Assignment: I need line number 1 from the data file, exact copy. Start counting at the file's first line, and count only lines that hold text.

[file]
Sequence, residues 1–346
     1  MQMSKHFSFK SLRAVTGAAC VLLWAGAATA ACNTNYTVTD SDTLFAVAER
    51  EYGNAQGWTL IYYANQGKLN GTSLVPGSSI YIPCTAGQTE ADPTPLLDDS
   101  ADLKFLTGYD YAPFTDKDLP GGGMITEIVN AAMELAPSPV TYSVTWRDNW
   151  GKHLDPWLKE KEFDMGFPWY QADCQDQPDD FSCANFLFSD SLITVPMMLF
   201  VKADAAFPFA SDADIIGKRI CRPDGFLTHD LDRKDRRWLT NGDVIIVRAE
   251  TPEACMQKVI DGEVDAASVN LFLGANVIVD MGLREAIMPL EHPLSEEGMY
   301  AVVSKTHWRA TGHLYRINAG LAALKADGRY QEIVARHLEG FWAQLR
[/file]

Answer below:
Sequence, residues 1–346